Pancreatic Cancer News

The National Pancreatic Cancer Audit in England and Wales

It has been an ambition of mine and PCA to have an audit of pancreatic cancer diagnosis and treatments for many years. It was even included as a recommendation in the PCA election manifesto in 2015 – almost 10 years ago!

So, you can imagine our delight when, following months of discussions with the National Cancer Board and feeding in information to the Pancreatic Cancer Tumour Site Review in 2022, we heard that an audit was to be commissioned into pancreatic cancer care, diagnosis, and treatments by The National Cancer Audit Collaborating Centre.

The fundamental aim of the audit is to collate extensive real-world information on patients diagnosed with pancreatic cancer. This includes demographic information, diagnostic pathways, treatment modalities, and outcomes from databases across England and Wales. This allows direct comparisons of diagnosis and treatments across the region to inform where there is good practice and where there are shortfalls identifying trends, disparities and areas that need addressing to improve outcomes for patients.

Following a feasibility study in 2022, which PCA fed into, the following priorities of care were identified and incorporated into a scoping document in July 2023:

  • Route to diagnosis & treatment
  • Diagnosis process
  • Multi-Disciplinary Team (MDT) and Staging
  • Potentially curative treatments
  • Non-curative treatments
  • Relieving biliary and duodenal obstruction
  • Other supportive care

While one of the primary goals of the audit is to benchmark healthcare providers against national standards, the audit will also delve into the patient experience, capturing valuable insights into the challenges faced by individuals diagnosed with pancreatic cancer. Survivorship and quality of life outcomes will also be assessed, providing a holistic view of the impact of pancreatic cancer care on patients.

The Team at the National Pancreatic Cancer Audit are very keen to include the views of patients and carers as the audit develops. We at PCA have been heavily involved in shaping Public Patient Involvement (PPI), recruiting those who have had direct experience with pancreatic cancer, whether they be a patient or carer. The first members have been recruited, and the first PPI Forum will be held in February 2024.

We will always need more patient views to inform the audit, so if you would like to be a part of this, do get in touch with Heather Archbold at, who will be able to explain the process of how to get involved.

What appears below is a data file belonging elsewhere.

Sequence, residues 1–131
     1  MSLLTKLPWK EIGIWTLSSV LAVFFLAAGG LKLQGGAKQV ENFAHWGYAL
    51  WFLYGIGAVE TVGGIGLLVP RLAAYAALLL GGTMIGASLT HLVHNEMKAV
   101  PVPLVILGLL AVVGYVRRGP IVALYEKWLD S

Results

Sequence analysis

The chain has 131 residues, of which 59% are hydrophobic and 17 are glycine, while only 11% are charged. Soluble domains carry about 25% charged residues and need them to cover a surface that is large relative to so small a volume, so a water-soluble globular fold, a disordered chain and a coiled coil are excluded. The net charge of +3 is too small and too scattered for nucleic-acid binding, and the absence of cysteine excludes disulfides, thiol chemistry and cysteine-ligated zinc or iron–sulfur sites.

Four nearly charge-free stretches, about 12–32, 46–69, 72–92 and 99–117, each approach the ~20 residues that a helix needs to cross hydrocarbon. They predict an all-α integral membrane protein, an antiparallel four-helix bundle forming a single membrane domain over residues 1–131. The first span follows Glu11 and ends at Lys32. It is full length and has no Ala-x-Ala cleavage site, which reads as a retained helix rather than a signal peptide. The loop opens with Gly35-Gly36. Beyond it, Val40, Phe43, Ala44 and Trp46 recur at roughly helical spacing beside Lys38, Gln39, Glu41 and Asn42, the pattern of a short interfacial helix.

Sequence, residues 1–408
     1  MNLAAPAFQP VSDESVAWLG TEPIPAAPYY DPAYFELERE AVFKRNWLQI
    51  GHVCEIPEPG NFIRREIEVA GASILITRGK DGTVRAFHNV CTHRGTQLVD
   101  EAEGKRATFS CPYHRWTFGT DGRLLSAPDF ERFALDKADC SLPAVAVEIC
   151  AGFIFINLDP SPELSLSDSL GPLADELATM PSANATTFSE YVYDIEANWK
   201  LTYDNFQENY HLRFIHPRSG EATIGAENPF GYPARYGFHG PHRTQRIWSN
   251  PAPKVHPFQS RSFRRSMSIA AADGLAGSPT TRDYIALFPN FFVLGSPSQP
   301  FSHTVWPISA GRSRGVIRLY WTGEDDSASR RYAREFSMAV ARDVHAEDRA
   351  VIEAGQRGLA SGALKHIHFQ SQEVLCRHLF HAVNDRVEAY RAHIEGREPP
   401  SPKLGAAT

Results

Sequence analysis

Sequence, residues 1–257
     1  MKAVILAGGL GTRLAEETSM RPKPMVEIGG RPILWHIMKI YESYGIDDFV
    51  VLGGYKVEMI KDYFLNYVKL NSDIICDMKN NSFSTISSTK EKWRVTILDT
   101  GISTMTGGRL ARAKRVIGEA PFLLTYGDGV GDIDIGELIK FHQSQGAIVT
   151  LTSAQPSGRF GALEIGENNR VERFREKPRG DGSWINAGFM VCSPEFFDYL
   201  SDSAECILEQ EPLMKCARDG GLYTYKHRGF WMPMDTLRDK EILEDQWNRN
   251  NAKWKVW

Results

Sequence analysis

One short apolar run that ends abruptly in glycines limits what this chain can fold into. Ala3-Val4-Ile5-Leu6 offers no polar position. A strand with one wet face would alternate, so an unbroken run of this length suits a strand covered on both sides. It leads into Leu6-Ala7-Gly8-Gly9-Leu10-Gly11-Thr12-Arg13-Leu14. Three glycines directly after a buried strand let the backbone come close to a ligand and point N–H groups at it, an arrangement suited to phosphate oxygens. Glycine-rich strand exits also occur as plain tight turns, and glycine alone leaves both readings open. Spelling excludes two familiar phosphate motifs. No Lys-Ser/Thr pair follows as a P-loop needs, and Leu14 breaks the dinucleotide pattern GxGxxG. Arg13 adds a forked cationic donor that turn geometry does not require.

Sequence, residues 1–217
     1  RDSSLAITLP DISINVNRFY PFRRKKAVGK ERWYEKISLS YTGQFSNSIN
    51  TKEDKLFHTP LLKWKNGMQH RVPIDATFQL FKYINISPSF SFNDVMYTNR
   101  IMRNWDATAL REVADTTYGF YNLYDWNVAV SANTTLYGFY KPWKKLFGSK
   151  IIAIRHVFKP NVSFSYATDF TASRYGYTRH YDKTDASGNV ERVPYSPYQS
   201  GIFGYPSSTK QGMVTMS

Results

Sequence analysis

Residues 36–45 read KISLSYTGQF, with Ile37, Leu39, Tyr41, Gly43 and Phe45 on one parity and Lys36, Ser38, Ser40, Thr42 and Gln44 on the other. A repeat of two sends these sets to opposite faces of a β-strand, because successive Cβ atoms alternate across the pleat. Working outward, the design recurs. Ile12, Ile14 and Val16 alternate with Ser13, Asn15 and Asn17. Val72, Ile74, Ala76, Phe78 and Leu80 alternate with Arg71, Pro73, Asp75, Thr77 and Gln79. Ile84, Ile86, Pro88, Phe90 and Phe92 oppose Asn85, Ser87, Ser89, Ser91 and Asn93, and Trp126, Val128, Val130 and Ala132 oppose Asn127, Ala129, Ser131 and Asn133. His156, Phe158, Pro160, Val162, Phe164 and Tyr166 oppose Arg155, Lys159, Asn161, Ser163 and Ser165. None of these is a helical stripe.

So, what do we hope the audit will deliver?

The audit will also be instrumental in identifying any existing disparities/inequalities in access to care, treatment outcomes, and survival rates among different demographic groups across different regions. Currently, much of this information is patchy, so collating this information across England and Wales will be crucial for implementing targeted interventions to address healthcare inequalities and improve overall equity in pancreatic cancer care.

As the majority of patients are diagnosed late, early detection is a significant factor in improving pancreatic cancer survival rates. We hope that the audit’s findings will contribute to the development of improved diagnostic methods and diagnostic pathways, enabling diagnosis at an earlier stage to improve the chances of early interventions, leading to improved outcomes.

We hope the insights gained from the audit will lead to the development of updated and evidence-based treatment and diagnostic guidelines for pancreatic cancer. We also hope it will help streamline and optimise multidisciplinary care approaches, ensuring that patients receive comprehensive and coordinated treatment plans no matter where they live.

We also hope that policymakers and politicians will be able to leverage the audit’s findings to inform and shape healthcare policies related to pancreatic cancer. This may include allocating resources, developing targeted interventions, and implementing measures to reduce healthcare disparities. PCA is very active in this area, and we will continue to campaign to improve outcomes for patients. We hope the extensive data collection will be able to help inform our campaigns.

The long-awaited National Pancreatic Cancer Audit in England and Wales will stand as a pivotal initiative to improve the diagnosis and treatment of pancreatic cancer. By collecting and analysing comprehensive data, this audit will not only provide a snapshot of the current state of pancreatic cancer care but will also serve as a catalyst for positive change. The insights gained should have the potential to reshape treatment guidelines, improve early detection strategies, and ultimately enhance the lives of those affected by this challenging disease. As the audit continues to evolve, its impact on pancreatic cancer care in England and Wales will hopefully be a beacon of hope for patients and healthcare professionals alike.

We at PCA will continue to be involved, and I have a personal interest as a former patient and Founder of PCA to be a part of the process. We will keep you updated with any developments along the way.

Ali Stunt


Pancreatic Cancer Action